The choices narrowed down to "Foxes" and Noel Coward's "Hay Fever," a comedy of manners about an aging actress and her wacky household. To help her decide, she and Bufman invited some 20 working actors to Taylor's New York apartment to read the plays aloud with her. "It was Zev's suggestion, so I guess it's been done before," she says, as though having plays audition for the actress is an ordinary practice in the theater world.

After a "meeting" with Hellman, who also reviewed most of the other actors before they were hired, Taylor settled on "Foxes," because "for my first play I'd rather do drama. I'm more used to drama."

"The Little Foxes" first opened in New York in 1939, with Tallulah Bankhead in the role of Regina Giddens. It is set in an unnamed small town in the South where Giddens and her equally ambitious brothers, Ben and Oscar Hubbard, live a comfortable middle-class life but dream of riches beyond the scope of the small town in which they have attained power. The vehicle for their dreams is a Northern industrialist they have persuaded to build a mill in their town, attracted by the low wages of nonunionized workers. One of the brothers married up -- to an aristocratic Southern belle (played by Maureen Stapleton) who has become a sweet, increasingly isolated voice of decency in a family consumed by greed.

"I'm not trying to compete with other Reginas before me," Taylor says. "I want to give her a new aspect, a new dimension . . . She's a woman who's been pushed into a corner. She's killer - but she's saying, 'Sorry fellas, you put me in this position.'"

Taylor says she felt no nervousness about starting rehearsals, nor any responsibility to prevent the other actors from being intimidated by her; she does not feel lthat she has any past reputation as a Star to overcome: "I don't think anybody on any of the sets I've worked on would say that.

"From the day we started working we were an ensemble. We were a team. If anything, I was the outsider, the interloper. So I was the one who could have been nervous about working with the pros."

She had to learn to project her voice, she said, but didn't take any special coaching. "I just asked the other actors if they could hear me." She has no understudy.

She does have typical actor's nightmares: "Like you've committed yourself to a play -- not the play you're doing -- and you haven't been given the script, and it's opening night and you're all dressed and someone's pushing you on stage and you don't even know the plot or any of the lines.Or you're two of three hours late and you have no time to put on the costume of the wig and you just have to go out there. Oh, they're awful. I guess they're just the nightmares of not being prepared."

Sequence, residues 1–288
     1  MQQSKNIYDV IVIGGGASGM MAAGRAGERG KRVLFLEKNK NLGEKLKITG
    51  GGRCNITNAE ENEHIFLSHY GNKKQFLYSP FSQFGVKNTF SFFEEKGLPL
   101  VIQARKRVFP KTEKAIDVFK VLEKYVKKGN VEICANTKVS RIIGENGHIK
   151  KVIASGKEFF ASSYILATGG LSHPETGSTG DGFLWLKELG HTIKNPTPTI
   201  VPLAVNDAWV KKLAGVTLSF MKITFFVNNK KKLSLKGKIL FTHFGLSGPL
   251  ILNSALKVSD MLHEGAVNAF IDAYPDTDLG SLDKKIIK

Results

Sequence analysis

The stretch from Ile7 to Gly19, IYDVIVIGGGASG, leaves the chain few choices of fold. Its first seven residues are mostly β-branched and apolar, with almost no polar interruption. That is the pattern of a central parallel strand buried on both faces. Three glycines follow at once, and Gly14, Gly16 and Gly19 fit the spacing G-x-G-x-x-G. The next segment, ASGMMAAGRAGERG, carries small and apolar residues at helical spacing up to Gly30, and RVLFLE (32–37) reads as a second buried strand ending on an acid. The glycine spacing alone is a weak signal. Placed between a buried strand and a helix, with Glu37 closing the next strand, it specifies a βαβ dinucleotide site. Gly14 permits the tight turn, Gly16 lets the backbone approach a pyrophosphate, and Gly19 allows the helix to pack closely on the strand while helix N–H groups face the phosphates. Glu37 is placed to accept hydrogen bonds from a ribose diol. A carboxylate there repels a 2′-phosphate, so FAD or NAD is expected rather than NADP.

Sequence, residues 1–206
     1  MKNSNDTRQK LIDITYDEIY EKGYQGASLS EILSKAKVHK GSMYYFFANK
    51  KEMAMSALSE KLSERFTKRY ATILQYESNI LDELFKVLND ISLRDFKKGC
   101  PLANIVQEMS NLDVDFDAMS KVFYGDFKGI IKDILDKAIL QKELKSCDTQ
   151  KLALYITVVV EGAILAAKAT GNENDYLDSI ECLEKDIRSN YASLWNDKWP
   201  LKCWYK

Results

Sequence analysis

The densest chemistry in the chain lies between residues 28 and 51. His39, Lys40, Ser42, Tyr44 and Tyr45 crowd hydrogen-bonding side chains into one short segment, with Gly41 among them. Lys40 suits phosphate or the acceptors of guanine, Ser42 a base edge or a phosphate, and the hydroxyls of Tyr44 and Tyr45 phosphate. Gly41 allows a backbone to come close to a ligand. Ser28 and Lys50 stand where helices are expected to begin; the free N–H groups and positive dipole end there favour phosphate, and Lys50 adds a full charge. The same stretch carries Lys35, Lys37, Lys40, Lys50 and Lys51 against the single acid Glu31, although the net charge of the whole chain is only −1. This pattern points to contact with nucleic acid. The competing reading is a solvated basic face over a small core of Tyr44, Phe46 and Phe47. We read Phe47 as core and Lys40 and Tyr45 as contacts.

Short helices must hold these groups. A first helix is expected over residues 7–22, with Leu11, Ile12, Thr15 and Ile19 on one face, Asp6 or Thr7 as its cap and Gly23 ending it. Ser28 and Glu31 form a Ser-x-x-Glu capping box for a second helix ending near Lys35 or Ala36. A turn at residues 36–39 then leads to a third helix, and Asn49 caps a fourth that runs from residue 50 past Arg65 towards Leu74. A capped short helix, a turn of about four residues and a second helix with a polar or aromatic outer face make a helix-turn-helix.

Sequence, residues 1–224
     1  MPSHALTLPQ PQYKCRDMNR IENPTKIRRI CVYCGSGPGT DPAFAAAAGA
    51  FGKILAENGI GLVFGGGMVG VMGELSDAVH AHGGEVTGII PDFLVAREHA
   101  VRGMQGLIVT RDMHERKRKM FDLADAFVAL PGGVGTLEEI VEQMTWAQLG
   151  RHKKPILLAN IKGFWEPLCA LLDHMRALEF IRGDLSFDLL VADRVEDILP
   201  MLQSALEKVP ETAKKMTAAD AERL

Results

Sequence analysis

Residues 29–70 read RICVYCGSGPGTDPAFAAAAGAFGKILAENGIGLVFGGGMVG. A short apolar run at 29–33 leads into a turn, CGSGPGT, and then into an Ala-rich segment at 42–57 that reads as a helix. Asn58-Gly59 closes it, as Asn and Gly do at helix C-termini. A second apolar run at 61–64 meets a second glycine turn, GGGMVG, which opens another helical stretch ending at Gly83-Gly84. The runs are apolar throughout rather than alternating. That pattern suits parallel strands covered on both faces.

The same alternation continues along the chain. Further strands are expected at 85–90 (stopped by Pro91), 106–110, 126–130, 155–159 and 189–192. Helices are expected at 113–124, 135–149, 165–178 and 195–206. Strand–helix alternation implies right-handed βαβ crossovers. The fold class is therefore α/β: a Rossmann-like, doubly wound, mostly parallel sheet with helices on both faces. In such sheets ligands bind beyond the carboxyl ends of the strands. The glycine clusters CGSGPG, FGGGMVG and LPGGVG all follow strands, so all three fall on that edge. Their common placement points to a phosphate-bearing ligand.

Actually, she says, "I'm amazed I'm not more nervous; that I'm enjoying it as much as I am. I derive real pleasure from it."

Rehearsals began in February in New York and the show opened late that month in the Parker Playhouse, a "winter stock" theater, on Taylor's 49th birthday. The cast gave her a weathervane with a fox on the top for a birthday present.

A local policeman has been hired as Taylor's bodyguard. He drives her to the theater every night in a new $100,000 Rolls Royce Silver Shadow from the posh yacht club where she stays. "I'm not a per se bodyguard," he told a local newspaper. "I don't have to sit out in the car and watch the car. I sit in her apartment, take my jacket off and have a glass of orange juice."

He protects her from over-zealous fans, whom Taylor obliges by signing autographs, sometimes from a stack of Photographs, sometimes from a stack of photographs kept in the trunk.

With that kind of a reputation to uphold, Elizabeth Taylor is taking a big risk in doing a play, and the other actors in the company admire her for it. Exposing yourself on stage is unlike any other exposure, a nakedness unprotected by lavish costumes and expert makeup. There are no retakes, no skillful editing.

"I always planned to do a play at some point in my career," says Taylor. "Did I think about the risk? For about half an hour. I don't expect to fail. People's pay their money and I have a responsibility to give them their money's worth."

But then, Elizabeth Taylor has always liked to surprise people. Nobody expected her to get paid a million dollars for "Cleopatra," or marry Eddie Fisher, or leave Eddie Fisher for Richard Burton, or adopt a handicapped child, or sell a diamond to build a hospital in Botswana, or convert to Judaism or marry a man and help him become a U.S. senator. She does like to surprise, right?